Whether celebrating the arrival of a new nephew or a granddaughter’s first birthday, relatives (and friends) are often looking for meaningful gifts for their loved ones. With college costs at record highs, many parents may not be able to pay the full cost of their children’s higher education without help. One way for friends and relatives to give a gift that will be remembered for years to come, while helping parents save for college, is to start a 529 plan for the child. These college saving plans offer tax benefits and flexibility over how much control you can maintain over the investment.
529 Plan basics
A 529 plan is a type of investment account designed for college savings. After you contribute money to an account, the funds can be invested in a number of different assets like stocks, bonds, and mutual funds. When the child (the beneficiary of the account) goes to college, the account funds can be withdrawn tax-free when paying for qualified college expense like tuition, room and board, and books.
As long as the money stays in the account, you don’t need to pay taxes on your investment gains as the account grows. And since withdrawals for qualified college expenses are tax-free, 529 plans are a very effective method for college savings. Finally, 529 plans are run by each state. Although each plan will vary from state to state, your contributions may be deductible against your state income taxes depending on your state of residence.
Relatives and grandparents can start a 529 plan
There are a couple ways to contribute to a 529 plan. First, you can open up a plan yourself. You’d be in charge of managing the account on behalf of the beneficiary and will decide on the investment strategy. You can start a 529 plan for anyone, so this approach can work for nieces, nephews, grandchildren, younger siblings, friends’ children, and so on. Some donors prefer this approach, especially if it is part of a long-term gifting strategy with annual contributions. By maintaining control over the plan, you can decide how much information to share with the beneficiary, and even the parents. Sometimes relatives are concerned that the parents may not prioritize college savings if they know someone has already started.
If you’d rather not manage an account, you can also contribute to a 529 plan if the child’s parents have set one up already. Your contributions will go into their plan’s account and the parents will be in control of managing the funds. This type of contribution is easier administratively, but since the funds will be commingled, it may be more challenging when you wish to reveal your gift in the future.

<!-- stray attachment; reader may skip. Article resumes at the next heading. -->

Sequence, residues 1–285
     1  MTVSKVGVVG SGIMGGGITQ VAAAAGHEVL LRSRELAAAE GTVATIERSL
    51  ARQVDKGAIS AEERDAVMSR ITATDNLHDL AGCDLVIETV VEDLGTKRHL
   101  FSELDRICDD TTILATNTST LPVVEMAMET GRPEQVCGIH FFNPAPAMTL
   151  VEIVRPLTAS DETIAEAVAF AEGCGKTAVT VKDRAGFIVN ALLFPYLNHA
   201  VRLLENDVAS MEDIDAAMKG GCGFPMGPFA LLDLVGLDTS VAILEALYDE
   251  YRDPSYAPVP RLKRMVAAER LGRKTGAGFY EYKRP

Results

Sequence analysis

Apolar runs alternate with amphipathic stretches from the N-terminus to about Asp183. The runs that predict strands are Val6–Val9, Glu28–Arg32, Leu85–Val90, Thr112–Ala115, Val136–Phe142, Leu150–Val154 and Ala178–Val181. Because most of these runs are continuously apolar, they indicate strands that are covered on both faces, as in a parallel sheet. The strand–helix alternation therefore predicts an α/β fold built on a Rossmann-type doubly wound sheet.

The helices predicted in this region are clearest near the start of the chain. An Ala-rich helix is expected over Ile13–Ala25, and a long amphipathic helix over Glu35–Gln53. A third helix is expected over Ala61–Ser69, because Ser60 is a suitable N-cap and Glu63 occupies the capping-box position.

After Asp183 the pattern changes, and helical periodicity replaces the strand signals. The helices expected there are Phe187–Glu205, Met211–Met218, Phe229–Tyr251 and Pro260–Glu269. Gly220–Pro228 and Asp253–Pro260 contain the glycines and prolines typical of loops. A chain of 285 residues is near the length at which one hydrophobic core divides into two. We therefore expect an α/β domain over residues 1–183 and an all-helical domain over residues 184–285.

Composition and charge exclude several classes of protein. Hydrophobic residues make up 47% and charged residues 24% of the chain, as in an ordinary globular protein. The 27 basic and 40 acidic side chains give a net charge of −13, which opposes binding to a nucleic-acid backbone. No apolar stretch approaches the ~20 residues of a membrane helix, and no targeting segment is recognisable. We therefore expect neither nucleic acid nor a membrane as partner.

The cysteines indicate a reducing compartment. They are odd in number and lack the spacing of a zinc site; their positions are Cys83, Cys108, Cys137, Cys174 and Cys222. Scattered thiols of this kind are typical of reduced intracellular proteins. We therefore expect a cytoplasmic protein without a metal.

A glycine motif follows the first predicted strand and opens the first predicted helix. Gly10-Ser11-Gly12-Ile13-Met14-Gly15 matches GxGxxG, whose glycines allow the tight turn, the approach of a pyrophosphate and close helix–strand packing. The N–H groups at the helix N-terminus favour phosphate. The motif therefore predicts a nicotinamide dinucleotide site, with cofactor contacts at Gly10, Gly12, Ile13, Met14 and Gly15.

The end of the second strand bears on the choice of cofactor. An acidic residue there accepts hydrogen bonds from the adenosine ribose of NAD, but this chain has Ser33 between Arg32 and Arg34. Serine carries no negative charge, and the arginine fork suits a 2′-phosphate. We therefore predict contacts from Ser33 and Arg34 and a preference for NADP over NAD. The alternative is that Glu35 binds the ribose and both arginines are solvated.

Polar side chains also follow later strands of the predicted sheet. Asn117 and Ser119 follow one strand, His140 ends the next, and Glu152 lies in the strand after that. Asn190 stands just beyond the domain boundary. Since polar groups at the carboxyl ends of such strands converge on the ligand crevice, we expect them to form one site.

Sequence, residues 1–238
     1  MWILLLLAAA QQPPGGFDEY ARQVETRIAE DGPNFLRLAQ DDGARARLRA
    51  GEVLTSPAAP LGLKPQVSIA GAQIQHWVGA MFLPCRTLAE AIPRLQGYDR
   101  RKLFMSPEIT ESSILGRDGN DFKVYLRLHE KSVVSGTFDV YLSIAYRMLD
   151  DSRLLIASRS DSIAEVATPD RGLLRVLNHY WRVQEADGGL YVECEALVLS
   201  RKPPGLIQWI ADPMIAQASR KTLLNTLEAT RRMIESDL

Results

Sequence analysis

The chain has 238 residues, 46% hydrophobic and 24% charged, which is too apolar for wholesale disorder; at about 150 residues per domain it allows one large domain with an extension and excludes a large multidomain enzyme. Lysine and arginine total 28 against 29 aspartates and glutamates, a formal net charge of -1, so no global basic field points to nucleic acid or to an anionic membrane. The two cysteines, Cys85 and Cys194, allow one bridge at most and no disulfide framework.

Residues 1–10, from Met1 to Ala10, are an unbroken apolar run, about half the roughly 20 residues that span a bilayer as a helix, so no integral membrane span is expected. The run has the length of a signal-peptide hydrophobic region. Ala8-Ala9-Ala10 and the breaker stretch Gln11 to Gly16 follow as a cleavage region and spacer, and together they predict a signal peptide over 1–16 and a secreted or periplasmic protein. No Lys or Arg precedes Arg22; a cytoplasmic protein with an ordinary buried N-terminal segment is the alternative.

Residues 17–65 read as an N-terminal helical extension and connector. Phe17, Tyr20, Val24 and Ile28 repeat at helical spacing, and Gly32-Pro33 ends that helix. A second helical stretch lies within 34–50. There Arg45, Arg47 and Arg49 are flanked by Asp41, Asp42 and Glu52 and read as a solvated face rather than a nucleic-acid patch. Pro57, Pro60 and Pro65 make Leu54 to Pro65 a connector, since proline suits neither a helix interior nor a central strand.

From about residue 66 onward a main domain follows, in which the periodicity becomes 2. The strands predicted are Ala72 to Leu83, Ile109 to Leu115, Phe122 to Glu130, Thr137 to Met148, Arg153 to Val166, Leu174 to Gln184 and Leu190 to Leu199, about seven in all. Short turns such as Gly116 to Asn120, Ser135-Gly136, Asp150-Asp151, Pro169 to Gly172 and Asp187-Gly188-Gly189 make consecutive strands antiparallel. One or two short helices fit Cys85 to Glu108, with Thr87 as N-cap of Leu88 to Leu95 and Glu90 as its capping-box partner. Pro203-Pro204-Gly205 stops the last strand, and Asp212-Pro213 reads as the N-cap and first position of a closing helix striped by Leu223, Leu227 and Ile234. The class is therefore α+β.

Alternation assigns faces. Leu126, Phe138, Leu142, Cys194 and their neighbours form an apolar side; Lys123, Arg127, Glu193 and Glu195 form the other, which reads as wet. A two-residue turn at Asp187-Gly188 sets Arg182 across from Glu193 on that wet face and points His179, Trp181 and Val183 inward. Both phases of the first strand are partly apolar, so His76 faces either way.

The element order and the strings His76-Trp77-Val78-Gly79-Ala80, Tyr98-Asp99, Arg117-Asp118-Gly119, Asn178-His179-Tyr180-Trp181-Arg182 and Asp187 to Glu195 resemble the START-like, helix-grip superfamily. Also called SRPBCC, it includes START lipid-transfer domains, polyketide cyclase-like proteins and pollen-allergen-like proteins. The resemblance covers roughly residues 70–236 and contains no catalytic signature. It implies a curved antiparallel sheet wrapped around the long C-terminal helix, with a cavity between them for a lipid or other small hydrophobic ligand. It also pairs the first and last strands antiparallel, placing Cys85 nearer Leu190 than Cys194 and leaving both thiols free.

Paying for college
When you start a 529 plan yourself, you also have control over how and when the benefiting family member receives the money. Once the beneficiary goes to college, you can decide how much money they receive each year and for which expenses. The beneficiary of the account won’t be in control of the plan, even after they turn 18.
Worried the child may not decide to go to college? With 529 plans, if the beneficiary doesn’t end up going to college or receives a scholarship, you can transfer the account to another beneficiary in the same family without losing the tax benefits or paying a penalty.
Although the account can be liquidated for other purposes, a penalty will be imposed if the funds are not used on qualifying educational expenses. In 2015, the penalty is 10% of your investment earnings in addition to income tax.
529 plans can be an excellent way to save for college for parents and relatives alike. And if you’re able to make annual contributions, these plans can also be an incredible gift. Given the rising costs of college and crippling student debt many graduates face, help paying for college could be the gift of a lifetime.